A Love Story Can Save Our Planet

Lonesome George, last of the Pinta Island Tortoises. (CC putneymark, 2007)

“100 critically endangered species at the brink of extinction”

“Only 3000 tigers left in wild”

“36 football fields deforested each minute”

Grim, isn’t it? The world we manage seems to get worse every day and all we can do is shake our heads in helplessness. We want to do something, anything, but all we feel is a pervasive sense of gloom and a slow-spreading paralysis. We are fast losing most of our natural wealth and we seem unable to reverse the situation. Why do we not jump up and save the world? If anything, these frightening messages of “irreparable loss” have the opposite effect on most of us. We end up pulling a warm, fuzzy blanket over our heads and try to bury ourselves in a little bit deeper. Continue reading

Advertisements

Goal!

Retail Activism. Now, there is a phrase that instantly makes you feel guilty. Should you embrace the movement and risk look like a lightweight? Or worse, should you dismiss your credit card as a world-saving tool and zero in on cheap, cheaper, cheapest? After all, the only activism you should be involved in during shopping is trying to prevent the stores from suckering poor, innocent customers. Right? Well, if you are like me, shopping is no fun at all. You buy things, you hate them the moment you come home and feel terrible about the whole episode. Which is why I look for things that alleviate my guilt, allow me to think my cash can make a difference. I admit, retail activism appeals to me. Continue reading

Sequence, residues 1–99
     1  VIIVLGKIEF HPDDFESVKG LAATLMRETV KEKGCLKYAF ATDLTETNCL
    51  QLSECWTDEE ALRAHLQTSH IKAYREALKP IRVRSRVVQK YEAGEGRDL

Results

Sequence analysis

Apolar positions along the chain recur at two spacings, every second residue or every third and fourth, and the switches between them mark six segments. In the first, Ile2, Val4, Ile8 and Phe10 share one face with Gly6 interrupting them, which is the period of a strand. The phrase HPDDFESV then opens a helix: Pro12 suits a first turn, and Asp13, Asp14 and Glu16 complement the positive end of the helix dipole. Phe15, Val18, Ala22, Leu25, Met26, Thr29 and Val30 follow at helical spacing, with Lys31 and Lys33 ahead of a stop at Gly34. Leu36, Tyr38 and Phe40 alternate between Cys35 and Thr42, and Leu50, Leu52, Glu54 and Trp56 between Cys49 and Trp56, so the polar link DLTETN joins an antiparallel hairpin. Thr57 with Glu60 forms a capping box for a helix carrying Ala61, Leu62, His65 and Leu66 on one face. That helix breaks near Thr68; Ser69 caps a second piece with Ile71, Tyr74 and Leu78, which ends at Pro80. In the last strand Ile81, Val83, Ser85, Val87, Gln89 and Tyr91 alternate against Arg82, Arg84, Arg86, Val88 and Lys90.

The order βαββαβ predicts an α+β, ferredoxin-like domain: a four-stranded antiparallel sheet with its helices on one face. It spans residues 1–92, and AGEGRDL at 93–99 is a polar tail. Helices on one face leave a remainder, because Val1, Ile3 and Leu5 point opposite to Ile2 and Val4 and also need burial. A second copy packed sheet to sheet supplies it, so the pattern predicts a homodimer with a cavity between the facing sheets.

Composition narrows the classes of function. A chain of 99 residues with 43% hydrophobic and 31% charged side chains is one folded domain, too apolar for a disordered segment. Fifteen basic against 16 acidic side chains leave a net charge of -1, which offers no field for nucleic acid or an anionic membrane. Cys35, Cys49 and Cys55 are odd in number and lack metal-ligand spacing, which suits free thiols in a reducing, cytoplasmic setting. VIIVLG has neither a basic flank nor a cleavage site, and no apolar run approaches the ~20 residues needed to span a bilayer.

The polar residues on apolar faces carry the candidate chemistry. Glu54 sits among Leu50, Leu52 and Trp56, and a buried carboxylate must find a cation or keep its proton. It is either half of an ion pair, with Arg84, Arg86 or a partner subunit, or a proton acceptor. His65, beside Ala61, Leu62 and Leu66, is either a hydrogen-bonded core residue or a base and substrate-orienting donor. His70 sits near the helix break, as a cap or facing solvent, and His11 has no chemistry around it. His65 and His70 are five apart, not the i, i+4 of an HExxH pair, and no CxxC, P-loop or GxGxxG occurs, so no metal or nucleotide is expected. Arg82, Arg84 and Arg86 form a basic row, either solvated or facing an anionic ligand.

“Made In USA” Claims: A Quick And Dirty Guide

“Made in USA”, Lupor Metal Products, NY (CC Joe M., 2007)

Have you ever bought a product because it said “Made in USA”? I have, because I believe in buying local. Because I hoped that my money would go towards creating jobs and help businesses grow, creating local economies that are largely self-supporting. I looked at the label that boldly stated that it was manufactured in this country and I trusted the company. Ah, the innocence! Little did I know that claiming to be “Made in USA” is a territory marked with loopholes, misinformation, ambiguous labeling and outright lies. “All-American” goods like Converse sneakers and Levi’s jeans are made overseas. Good old American cars are from Mexico. Coors is equal part Canadian, Brazilian and South African as it is American. New Balance is in hot water with the Federal Trade Commission (FTC), the advertising watchdog, for making “American Made” claims, as was Craftsman. The list is long and saddening. Continue reading

Holding Marketers Responsible For The 7 “Sins” of Greenwashing

FIJI Water sued in California for "greenwashing" (CC 2010 M Sundstrom)

Something very interesting is happening in Californian courts. In a class action suit filed in a District Court in Santa Ana, a group of individuals claim that the bottled water maker, FIJI Water Company, has been misleading customers by making false carbon offset claims. Their cause for complaint is that FIJI Water’s assertion that it makes a “carbon negative” product is blatantly untrue. “Carbon negative” would mean that FIJI removes more carbon from the atmosphere than they generate, which is based more on clever accounting than reality. In another case, SC Johnson, the household chemicals giant, was sued for placing a non-verified eco-label on their cleaning fluid, Windex. The label, Greenlist, created a false impression of being third-party approved when it was only meant for internal use. What links the two cases is that companies are being held accountable for false “green” claims, “eco” exaggerations and deceptive advertisements , otherwise known as “greenwashing”. Continue reading